Wednesday, May 25, 2016 8:48AM - 9:00AM |
G6.00005: Observation of Dynamical Fermionization in 1D Bose Gases Neel Malvania, Lin Xia, Wei Xu, Joshua M. Wilson, Laura A. Zundel, Marcos Rigol, David S. Weiss The momentum distribution of a harmonically trapped 1D Bose gases in the Tonks-Girardeau limit is expected to undergo dynamical fermionization [1]. That is, after the harmonic trap is suddenly turned off, the momentum distribution steadily transforms into that of an ideal Fermi gas in the same initial trap. We measure 1D momentum distributions at variable times after such a quench, and observe the predicted dynamical fermionization. In addition to working in the strong coupling limit, we also perform the experiment with intermediate coupling, where theoretical calculations are more challenging. [1] M. Rigol, A. Muramatsu, PRL 94, 240403 (2005); A. Minguzzi, D. M. Gangardt, PRL 94, 240404 (2005). [Preview Abstract] |
Wednesday, May 25, 2016 9:00AM - 9:12AM |
G6.00006: Precision measurements of momentum distribution of Tonks-Girardeau gas. Joshua M. Wilson, Lin Xia, Wei Xu, Neel Malvania, Laura A. Zundel, Marcos Rigol, David S. Weiss We report on precision measurements of the momentum distributions of 1D Bose gases over a range of initial temperatures and coupling strengths. We compare our results with unbiased quantum Monte Carlo simulations. We use the comparison with theory to understand the nature of the adiabatic loading from a Bose-Einstein Condensate in 3D to an array of 1D tubes. [Preview Abstract] |
Wednesday, May 25, 2016 9:12AM - 9:24AM |
G6.00007: Correlations in light propagation in one-dimensional waveguides Juha Javanainen, Janne Ruostekoski We study light propagation between atoms in a one-dimensional waveguide both analytically and using numerical simulations. We employ classical electrodynamics, but in the limit of low light intensity the results are essentially exact also for quantum mechanics. We characterize the cooperative interactions between the atoms mediated by the electromagnetic field. The focus is on resonance shifts for various statistics of the positions of the atoms, such as statistically independent positions or atoms in a regular lattice. These shifts, potentially important if 1D waveguides are to be used in metrology, are different from the usual resonance shifts found in three spatial dimensions. [Preview Abstract] |
Wednesday, May 25, 2016 9:24AM - 9:36AM |
G6.00008: Light imprisonment in a nanofiber mode by an ensemble of few cold atoms P. Solano, S. L. Rolston, L. A. Orozco, J. P. Clemens, P. R. Rice We study the escape of light emitted by cold Rb atoms in the vicinity of an optical nanofiber. We excite the atoms with a pulse propagating perpendicular to the nanofiber, which turns off faster than the atom natural lifetime. We use time correlated single photon counting techniques to measure the decay of the emitted light. For very low optical density we see the natural lifetime reduced by the presence of the nanofiber and its only available mode, while for higher optical densities the decay time can be many times longer. Provided that an average atom can absorb as much as 30\% of the light in the mode, we only need few atoms to observe light imprisonment. We explore radiation trapping and the presence of other collective phenomena to explain this effect. [Preview Abstract] |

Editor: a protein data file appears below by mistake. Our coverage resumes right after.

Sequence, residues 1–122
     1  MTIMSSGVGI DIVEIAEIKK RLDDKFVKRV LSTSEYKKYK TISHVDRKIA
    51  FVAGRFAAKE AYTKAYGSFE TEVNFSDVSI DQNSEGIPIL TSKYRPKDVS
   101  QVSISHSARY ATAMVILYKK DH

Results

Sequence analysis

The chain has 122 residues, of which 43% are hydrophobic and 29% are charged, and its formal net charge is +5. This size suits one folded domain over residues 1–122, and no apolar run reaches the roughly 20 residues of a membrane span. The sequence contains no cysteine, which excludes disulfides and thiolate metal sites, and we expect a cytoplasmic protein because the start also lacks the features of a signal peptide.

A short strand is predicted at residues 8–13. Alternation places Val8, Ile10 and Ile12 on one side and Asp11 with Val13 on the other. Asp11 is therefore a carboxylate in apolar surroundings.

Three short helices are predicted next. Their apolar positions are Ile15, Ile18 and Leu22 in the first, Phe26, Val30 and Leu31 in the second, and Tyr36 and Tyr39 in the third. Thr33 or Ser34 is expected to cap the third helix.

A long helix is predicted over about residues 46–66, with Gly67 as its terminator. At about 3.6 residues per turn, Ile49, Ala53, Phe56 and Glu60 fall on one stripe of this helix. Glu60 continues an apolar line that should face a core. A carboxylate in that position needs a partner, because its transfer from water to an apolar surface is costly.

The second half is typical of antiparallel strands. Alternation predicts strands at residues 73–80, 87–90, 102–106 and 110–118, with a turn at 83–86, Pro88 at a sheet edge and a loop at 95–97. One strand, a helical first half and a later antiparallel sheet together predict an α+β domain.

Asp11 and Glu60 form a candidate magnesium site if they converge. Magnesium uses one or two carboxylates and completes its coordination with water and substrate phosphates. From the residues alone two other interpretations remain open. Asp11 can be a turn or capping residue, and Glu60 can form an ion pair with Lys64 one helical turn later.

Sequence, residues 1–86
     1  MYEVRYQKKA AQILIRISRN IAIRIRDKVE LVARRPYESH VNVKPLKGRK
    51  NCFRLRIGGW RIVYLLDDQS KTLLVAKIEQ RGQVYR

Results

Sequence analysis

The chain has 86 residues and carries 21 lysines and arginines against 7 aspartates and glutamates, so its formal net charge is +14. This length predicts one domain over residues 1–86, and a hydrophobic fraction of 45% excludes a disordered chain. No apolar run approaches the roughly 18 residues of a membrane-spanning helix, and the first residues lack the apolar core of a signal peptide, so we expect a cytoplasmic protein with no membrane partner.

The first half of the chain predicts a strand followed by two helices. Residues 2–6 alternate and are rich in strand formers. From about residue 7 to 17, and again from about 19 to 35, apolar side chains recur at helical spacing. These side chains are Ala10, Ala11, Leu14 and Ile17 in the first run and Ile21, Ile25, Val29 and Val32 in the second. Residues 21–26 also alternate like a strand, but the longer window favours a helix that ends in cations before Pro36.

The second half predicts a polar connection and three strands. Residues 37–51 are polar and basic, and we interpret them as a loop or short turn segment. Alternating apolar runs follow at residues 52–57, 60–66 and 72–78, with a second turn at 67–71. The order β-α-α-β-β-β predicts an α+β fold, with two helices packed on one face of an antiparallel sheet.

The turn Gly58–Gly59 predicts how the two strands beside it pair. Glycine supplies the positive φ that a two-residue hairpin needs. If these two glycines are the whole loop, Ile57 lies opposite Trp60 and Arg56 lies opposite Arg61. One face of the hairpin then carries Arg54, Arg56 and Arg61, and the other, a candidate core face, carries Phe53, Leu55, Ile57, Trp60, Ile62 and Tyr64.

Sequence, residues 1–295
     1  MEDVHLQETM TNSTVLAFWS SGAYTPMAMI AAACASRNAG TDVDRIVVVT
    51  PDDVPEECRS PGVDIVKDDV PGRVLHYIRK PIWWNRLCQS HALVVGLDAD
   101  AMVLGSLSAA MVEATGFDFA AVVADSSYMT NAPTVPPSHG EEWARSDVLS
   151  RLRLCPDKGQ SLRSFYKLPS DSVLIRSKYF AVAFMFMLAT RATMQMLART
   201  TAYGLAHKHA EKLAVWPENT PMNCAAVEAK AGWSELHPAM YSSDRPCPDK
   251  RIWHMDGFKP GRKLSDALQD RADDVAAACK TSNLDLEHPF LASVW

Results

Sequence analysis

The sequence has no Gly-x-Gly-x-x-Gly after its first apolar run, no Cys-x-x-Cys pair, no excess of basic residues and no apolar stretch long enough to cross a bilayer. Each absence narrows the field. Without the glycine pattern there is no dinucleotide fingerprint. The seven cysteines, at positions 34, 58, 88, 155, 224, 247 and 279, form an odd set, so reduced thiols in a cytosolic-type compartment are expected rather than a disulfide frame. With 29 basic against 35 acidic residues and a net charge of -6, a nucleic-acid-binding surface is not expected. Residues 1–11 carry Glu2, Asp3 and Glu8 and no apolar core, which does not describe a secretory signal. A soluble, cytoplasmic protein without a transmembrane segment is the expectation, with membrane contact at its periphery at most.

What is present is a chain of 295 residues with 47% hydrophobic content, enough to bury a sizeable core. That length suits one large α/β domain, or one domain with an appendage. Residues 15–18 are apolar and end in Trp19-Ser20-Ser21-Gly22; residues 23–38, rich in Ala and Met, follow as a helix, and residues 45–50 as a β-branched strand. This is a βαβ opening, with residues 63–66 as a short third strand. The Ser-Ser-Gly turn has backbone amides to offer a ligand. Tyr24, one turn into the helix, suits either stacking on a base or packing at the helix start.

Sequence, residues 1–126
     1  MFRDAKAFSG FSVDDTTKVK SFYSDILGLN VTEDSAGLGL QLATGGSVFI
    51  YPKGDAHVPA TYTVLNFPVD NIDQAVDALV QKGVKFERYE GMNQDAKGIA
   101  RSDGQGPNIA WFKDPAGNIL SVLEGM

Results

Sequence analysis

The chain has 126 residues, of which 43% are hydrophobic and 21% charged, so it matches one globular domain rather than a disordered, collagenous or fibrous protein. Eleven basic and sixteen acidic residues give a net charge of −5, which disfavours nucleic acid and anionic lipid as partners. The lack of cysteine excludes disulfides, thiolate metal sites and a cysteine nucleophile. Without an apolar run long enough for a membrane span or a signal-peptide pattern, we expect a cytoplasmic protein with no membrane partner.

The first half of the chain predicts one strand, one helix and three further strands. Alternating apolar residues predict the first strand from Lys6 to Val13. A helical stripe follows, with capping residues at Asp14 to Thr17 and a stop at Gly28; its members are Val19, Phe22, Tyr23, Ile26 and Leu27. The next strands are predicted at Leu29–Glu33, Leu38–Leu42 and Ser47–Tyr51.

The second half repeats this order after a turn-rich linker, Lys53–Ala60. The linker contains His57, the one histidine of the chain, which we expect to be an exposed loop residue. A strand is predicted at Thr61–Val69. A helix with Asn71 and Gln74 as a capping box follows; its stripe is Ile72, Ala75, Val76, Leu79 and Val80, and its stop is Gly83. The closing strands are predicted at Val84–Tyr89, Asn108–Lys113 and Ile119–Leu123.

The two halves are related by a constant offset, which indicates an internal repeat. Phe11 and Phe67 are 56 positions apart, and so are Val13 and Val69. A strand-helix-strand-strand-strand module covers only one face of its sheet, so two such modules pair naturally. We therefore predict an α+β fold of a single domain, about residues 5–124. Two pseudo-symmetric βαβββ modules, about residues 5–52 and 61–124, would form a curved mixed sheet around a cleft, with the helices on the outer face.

Wednesday, May 25, 2016 9:36AM - 9:48AM |
G6.00009: Polarimetric measurement of the motion of trapped atoms around a nanofiber F. K. Fatemi, P. Solano, L. A. Orozco, S. L. Rolston Polarimetry is an important tool for probing the classical and quantum dynamics of a collection of trapped atoms. We observe the birefringence induced by trapped Rb atoms around an optical nanofiber by measuring the polarization change of an off-resonant probe. The signal from the weak, non-destructive probe is amplified using heterodyne detection. We observe the dynamical response of the trapped atoms to a transient modification of the trapping potential. This provides a direct measurement of the trapping frequencies associated with the axial and transverse potentials. The presence of large longitudinal fields in the evanescent field of the fiber complicates polarimetry, presenting significant challenges for the observation of atomic spin dynamics through Faraday rotation measurements. [Preview Abstract] |
Wednesday, May 25, 2016 9:48AM - 10:00AM |
G6.00010: Dimension control of Superradiance Tyler Hill We develop a theory for quantum dipole-dipole coupling when the electromagnetic fields are confined to an open line, open plane, or open space, commensurate with experimental capability for collective atomic effects subject to dimensional confinement. Our mathematical model naturally interpolates for all real dimension between one dimension for the line to three dimensions for open space. We show how superradiant emission can be controlled by dimensional confinement, including near-field and dipole-orientation effects, and we propose a two-dimensional confinement experiment to test our theory's efficacy. [Preview Abstract] |